20. The actuator module of claim 12, the actuator module being adapted to induce rotational motion of the first robot member relative to the second robot member about the central rotational axis, the actuator module and first and second robot members forming an elbow joint.
21. The actuator module of claim 12, the actuator module being adapted to induce continuous rotational motion of the first robot member relative to the second robot member about the central rotational axis.
22. The actuator module of claim 12, the actuator module being adapted to induce linear motion of the first robot member relative to the second robot member along the central rotational axis.
23. The actuator module of claim 22, the central shaft, being connected to at least one of the inner base gear pairs and being adapted to mesh with a screw means, the screw means being connected to the second robot member and being adapted to advance the second robot member along the central rotational axis relative to the first robot member as the central shaft rotates about the screw means.
24. An actuator module for inducing motion of a first robot member relative to a second robot member, the actuator module comprising a Ferguson epicyclic gear train, an integral motor and integrated control means, the gear train comprising:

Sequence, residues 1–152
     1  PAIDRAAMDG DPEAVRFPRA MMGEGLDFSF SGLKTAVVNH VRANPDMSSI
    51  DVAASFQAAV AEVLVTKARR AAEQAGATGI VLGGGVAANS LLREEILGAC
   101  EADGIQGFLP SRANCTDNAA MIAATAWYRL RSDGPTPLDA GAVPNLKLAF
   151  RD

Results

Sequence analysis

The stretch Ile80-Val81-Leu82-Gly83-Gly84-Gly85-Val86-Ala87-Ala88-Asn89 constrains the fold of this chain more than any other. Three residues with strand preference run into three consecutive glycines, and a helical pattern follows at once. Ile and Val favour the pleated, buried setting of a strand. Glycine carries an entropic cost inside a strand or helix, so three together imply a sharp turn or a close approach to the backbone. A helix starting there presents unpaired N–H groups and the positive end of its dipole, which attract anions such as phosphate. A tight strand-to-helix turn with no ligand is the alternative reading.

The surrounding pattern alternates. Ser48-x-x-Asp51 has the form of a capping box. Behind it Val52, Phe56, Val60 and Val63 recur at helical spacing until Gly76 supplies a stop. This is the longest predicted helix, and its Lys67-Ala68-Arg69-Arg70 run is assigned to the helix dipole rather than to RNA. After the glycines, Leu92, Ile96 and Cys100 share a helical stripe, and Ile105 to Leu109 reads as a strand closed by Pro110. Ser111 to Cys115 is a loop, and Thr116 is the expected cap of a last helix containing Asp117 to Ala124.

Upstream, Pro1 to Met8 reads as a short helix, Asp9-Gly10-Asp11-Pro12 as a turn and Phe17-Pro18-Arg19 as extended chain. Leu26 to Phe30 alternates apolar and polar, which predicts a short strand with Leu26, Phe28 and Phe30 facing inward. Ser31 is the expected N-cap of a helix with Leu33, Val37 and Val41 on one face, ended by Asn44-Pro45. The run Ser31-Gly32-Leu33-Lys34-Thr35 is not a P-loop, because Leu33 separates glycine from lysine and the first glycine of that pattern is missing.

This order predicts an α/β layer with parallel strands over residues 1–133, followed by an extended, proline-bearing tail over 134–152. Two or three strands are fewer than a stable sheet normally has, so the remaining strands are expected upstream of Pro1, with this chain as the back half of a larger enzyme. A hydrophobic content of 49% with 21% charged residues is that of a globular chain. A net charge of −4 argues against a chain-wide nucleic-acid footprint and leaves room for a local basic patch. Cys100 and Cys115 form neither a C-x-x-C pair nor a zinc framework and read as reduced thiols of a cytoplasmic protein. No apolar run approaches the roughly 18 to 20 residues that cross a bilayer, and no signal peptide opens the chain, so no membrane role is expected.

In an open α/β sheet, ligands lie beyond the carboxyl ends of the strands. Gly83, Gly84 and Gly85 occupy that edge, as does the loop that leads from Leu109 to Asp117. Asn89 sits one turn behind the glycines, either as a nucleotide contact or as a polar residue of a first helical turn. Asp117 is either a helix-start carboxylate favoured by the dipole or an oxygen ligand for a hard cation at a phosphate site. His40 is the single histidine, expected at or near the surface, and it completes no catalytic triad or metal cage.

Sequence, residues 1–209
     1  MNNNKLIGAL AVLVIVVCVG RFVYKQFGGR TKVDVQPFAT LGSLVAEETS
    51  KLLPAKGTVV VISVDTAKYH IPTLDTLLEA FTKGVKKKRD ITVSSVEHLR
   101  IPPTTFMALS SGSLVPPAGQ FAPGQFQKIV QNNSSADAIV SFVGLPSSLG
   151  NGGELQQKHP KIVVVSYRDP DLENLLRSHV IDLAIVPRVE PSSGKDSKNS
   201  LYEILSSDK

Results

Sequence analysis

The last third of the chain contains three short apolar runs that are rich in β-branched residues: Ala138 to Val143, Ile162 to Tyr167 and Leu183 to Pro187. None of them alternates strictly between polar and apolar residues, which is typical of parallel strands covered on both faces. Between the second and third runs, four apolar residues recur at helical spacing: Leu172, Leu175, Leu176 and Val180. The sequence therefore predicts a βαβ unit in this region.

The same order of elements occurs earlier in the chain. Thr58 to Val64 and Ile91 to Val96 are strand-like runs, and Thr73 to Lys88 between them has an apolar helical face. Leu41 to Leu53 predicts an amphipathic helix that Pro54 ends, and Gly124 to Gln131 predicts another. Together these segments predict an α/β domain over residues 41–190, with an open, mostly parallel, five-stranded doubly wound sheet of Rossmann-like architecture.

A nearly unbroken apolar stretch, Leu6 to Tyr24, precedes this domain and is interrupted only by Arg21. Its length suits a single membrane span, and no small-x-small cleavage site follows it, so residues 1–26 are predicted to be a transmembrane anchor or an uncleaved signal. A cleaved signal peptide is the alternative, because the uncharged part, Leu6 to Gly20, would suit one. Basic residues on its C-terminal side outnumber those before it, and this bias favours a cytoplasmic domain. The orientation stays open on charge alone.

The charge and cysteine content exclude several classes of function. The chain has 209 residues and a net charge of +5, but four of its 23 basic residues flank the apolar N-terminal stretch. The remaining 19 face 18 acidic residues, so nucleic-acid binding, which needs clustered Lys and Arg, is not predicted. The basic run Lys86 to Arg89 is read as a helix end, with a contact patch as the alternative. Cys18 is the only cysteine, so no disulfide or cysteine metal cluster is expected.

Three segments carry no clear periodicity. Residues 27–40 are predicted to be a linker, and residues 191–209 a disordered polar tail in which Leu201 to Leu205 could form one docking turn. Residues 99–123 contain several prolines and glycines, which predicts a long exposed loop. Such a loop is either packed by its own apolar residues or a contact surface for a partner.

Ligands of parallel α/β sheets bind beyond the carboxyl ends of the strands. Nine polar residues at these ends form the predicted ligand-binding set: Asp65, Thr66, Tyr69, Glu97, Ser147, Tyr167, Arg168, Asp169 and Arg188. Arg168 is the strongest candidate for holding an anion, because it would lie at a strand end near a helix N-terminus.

an outer base gear pair connected to the first robot member and comprising first and second outer base gears disposed substantially perpendicular to a central rotational axis; an inner base gear pair connected to the second robot member and comprising first and second inner base gears disposed substantially perpendicular to the central rotational axis;
first and second planet gear carriers disposed substantially perpendicular to the central rotational axis;
a first plurality of planet gears rotatably mounted in the first planet gear carrier and adapted to mesh with the first inner base gear and the first outer base gear;
a second plurality of planet gears rotatably mounted in the second planet gear carrier and adapted to mesh with the second inner base gear and the second outer base gear; and